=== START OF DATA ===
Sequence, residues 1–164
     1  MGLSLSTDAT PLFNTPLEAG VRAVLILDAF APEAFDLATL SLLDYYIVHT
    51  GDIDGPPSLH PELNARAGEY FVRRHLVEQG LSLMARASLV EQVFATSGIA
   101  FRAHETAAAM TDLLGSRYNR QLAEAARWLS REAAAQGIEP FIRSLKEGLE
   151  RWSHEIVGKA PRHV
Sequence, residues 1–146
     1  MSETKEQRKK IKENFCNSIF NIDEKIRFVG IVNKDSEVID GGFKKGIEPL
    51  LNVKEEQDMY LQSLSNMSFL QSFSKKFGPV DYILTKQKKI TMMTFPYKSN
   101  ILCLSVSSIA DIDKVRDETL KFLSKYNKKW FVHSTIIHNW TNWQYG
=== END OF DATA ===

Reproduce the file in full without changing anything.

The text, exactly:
Sequence, residues 1–164
     1  MGLSLSTDAT PLFNTPLEAG VRAVLILDAF APEAFDLATL SLLDYYIVHT
    51  GDIDGPPSLH PELNARAGEY FVRRHLVEQG LSLMARASLV EQVFATSGIA
   101  FRAHETAAAM TDLLGSRYNR QLAEAARWLS REAAAQGIEP FIRSLKEGLE
   151  RWSHEIVGKA PRHV
Sequence, residues 1–146
     1  MSETKEQRKK IKENFCNSIF NIDEKIRFVG IVNKDSEVID GGFKKGIEPL
    51  LNVKEEQDMY LQSLSNMSFL QSFSKKFGPV DYILTKQKKI TMMTFPYKSN
   101  ILCLSVSSIA DIDKVRDETL KFLSKYNKKW FVHSTIIHNW TNWQYG